Must India fight a ‘third war of Independence’and will lawyers be at the vanguard?

Lawyers were in forefront during freedom struggle and Mahatma Gandhi, himself a lawyer, did not file petitions; he defied laws and judicial orders he deemed unjust. What will Prashant Bhushan do?

Advocate Prashant Bhushan
Advocate Prashant Bhushan

Sujata Anandan

Many years ago, I had occasion to meet several esteemed lawyers who had put up a fierce resistance to the Emergency. They not only protested on the streets but took up every case, small and big, to fight against the authorities in court.

One of these lawyers then had told me, “It is not the judges or the journalists but lawyers like us who kept up the fight relentlessly and never gave a moment's rest to the authorities. Without that resistance, the Emergency may not have been overturned.”

This lawyer had lamented that he had been disappointed by several Supreme Court justices, including a prominent one from Maharashtra, usually a progressive state which always shook off the shackles of bondage. “But there were enough among the lower rungs of the judiciary who held the Constutution supreme and remained our hope throughout those months,” he said.

This lawyer could be facing a sense of dèja vu as he finds the higher judiciary today caving in to a virtual and unending Emergency in the country. It took only 24 days for the Supreme Court to hold Prashant Bhushan guilty of contempt when it has been taking them months and years to even hear so many other important cases – like petitions against the Citizenship Amendment Act or the continuing incarceration of former Jammu and Kashmir chief minister Mebooba Mufti for no valid reason.

I have my own bone to pick with Bhushan – some years ago he teamed up with the fascist forces and for all his erudition and courage failed to see how they were leading India into the dark ages. It has taken years to recognise that these dark forces do not need an ‘official’ and ‘Constitutional’ Emergency to bend journalists or judges to their will but now, like the advocate from the Emergency days, I am beginning to think that lawyers like Bhushan – and there are many more of them battling the authorities – might become the bane of their existence and not allow all their evil designs to succed.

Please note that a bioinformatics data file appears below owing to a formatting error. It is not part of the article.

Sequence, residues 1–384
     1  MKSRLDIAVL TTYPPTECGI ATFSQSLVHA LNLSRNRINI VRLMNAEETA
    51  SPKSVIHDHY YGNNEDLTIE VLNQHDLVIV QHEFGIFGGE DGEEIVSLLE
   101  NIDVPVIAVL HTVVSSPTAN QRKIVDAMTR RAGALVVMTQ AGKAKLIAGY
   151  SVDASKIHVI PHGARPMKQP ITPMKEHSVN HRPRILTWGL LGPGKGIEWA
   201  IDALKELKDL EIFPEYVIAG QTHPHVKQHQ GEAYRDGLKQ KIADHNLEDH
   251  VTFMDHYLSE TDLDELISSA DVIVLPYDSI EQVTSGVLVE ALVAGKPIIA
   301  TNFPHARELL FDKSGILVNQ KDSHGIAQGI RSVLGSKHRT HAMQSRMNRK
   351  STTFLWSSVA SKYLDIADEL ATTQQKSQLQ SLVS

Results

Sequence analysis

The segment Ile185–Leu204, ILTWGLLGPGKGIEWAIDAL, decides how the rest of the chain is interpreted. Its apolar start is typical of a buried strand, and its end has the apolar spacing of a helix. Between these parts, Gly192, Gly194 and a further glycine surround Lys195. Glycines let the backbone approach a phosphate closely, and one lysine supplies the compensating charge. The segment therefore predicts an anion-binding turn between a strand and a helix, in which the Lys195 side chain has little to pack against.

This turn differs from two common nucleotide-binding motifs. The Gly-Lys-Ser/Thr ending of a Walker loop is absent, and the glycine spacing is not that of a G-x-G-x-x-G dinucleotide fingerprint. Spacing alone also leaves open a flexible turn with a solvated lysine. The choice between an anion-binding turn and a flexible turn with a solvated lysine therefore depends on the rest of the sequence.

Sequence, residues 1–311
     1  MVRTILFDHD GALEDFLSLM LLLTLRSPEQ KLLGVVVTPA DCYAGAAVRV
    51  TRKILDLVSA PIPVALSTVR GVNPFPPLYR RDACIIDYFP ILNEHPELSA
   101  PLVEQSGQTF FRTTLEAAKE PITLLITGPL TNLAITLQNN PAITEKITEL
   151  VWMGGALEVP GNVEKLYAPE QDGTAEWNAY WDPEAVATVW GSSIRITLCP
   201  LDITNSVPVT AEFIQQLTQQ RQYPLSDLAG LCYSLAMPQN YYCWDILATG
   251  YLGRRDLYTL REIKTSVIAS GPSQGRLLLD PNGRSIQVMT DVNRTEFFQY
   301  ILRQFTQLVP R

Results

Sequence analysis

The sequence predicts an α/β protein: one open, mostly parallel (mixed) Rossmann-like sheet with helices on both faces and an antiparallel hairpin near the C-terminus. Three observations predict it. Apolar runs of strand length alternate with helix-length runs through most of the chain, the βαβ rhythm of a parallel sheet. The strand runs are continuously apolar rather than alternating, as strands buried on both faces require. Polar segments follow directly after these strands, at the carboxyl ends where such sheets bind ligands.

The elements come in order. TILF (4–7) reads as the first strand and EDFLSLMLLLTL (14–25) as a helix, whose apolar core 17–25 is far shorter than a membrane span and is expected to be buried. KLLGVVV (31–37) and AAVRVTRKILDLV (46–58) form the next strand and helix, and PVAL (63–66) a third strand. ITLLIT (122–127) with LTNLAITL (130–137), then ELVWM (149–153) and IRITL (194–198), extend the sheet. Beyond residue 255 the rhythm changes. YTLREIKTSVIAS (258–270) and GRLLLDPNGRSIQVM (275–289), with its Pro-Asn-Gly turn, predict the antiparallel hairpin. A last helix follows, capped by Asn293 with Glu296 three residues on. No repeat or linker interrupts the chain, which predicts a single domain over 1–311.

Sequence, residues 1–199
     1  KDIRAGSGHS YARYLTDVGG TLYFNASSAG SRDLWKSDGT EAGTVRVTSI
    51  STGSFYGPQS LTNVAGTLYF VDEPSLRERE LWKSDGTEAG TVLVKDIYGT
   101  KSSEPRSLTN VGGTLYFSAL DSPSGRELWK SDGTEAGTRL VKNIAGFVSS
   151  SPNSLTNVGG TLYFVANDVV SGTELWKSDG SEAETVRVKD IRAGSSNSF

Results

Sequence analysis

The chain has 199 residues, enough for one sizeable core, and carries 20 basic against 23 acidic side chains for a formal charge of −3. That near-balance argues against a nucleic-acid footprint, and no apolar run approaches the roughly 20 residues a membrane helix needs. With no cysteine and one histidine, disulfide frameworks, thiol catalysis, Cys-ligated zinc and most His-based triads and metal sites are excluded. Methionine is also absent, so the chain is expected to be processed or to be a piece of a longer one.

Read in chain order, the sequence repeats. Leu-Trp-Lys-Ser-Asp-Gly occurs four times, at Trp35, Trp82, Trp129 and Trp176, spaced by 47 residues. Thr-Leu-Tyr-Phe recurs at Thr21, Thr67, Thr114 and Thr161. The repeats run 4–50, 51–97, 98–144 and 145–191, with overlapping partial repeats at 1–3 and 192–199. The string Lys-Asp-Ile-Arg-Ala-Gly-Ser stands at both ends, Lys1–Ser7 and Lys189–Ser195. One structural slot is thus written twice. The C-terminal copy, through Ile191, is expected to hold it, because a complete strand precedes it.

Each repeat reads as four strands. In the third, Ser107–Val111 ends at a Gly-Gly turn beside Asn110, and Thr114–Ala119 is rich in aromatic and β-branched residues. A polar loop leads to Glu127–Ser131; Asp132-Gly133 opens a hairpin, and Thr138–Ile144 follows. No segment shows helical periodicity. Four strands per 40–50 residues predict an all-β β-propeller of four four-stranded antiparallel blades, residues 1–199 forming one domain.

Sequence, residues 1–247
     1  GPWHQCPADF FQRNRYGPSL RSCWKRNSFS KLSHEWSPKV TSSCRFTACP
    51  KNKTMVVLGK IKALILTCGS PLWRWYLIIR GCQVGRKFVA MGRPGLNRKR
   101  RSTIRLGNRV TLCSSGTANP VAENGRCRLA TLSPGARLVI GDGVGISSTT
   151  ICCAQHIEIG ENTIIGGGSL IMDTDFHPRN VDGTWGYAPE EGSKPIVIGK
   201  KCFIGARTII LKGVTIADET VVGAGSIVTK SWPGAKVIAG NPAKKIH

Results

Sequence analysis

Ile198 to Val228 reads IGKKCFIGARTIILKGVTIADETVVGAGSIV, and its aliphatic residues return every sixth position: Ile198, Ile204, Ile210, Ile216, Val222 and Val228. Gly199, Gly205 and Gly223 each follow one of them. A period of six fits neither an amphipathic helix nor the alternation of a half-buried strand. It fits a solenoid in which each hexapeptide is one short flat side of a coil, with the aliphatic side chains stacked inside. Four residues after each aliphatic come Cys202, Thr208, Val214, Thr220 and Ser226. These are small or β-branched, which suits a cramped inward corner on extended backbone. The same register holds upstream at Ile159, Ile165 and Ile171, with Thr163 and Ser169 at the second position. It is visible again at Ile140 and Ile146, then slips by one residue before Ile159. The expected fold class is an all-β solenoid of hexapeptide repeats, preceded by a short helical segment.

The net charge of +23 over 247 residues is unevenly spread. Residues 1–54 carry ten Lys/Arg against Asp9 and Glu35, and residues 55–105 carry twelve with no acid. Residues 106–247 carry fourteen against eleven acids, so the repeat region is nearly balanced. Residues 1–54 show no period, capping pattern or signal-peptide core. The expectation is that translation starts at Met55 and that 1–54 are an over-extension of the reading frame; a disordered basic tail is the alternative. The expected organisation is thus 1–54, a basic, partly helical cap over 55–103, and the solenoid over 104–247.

Bhushan's refusal to apologise and rethink his statement or move for a reconciliation or otherwise give in, quoting Mahatma Gandhi on taking his punishment cheerfully, I believe, could yet prove the first major strike towards the restoration of democratic processes and bringing its revered institutions back on an even keel.

Gandhiji's defiance of the British every step of the way confounded the authorities of that time. I am sure today's authorities have found Bhushan equally confounding. In fact, like Bhushan, we all need to return to the Mahatma Gandhi’s brand of defiance and passive resistance – and in view of this government's previous attempts to deny us basic rights, as in the Citizenship Laws, disobedience rather than contesting them in the courts.

For today that estate of democracy is as much on the side of the government as the institution was with the British during the freedom movement. We know how Gandhiji broke the salt law by cocking a snook at a British judge in Ahmedabad court, who famously forbade him from undertaking the salt march.

But we must also remember that the first strike for Independence began from Champaran in Bihar where Gandhi defied magisterial orders to visit the district and, when hauled up before the court, admitted he had broken the ban order and was admitting to it not to seek mercy or clemency but to accept whatever punishment the court deemed fit. It left the British grinding their teeth and I wonder how many people then realised that British rule in India had just been delivered a body blow and would soon come to an end.

Prashant Bhushan is no Mahatma Gandhi and only recently has collaborated with fascist forces as Mahatma Gandhi and Jawaharlal Nehru would never have done. But given the times he and others like him may well be given the benefit of the doubt for being taken in by certain elements and trusting them to give us a Ram Rajya.

Now faced with the asuras of democracy, people are slowly waking up to what they lost when they voted the UPA out of power in 2014. The Congress restored democracy after the Emergency that lasted 18 months and lost the election thereafter, allowed the judiciary its independence even when the judgments were unfair and not to their liking, did not threaten or murder independent judges, did not politicise the army, did not go against the Constitution as in the abrogation of Article 370 and did not treat any one as a second class citizen.

I do not believe anyone could have fathomed the extent of lies, crony capitalism, violence and mauling of democratic institutions this regime would go to retain power. Before and after the Emergency we may have faulted the government on various issues but never for turning India into a travesty of its full bodied and full-blooded republican ideals and moorings. The first bugle has been sounded for the restoration of democracy. We must all help fight the third war for Independence.

(The author is a Mumbai based commentator. Views expressed are personal)

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